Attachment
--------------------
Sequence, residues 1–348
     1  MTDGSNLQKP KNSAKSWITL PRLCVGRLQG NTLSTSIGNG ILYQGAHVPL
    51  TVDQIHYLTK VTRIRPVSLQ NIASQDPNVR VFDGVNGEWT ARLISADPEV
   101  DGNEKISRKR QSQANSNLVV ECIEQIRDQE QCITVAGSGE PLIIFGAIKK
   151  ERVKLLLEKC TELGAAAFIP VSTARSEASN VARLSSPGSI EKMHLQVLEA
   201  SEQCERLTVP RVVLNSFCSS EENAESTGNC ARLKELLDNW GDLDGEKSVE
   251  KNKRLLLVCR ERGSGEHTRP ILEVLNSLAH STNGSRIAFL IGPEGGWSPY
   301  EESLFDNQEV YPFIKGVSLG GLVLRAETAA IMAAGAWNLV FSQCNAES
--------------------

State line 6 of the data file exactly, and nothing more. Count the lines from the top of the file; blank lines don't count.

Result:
   201  SEQCERLTVP RVVLNSFCSS EENAESTGNC ARLKELLDNW GDLDGEKSVE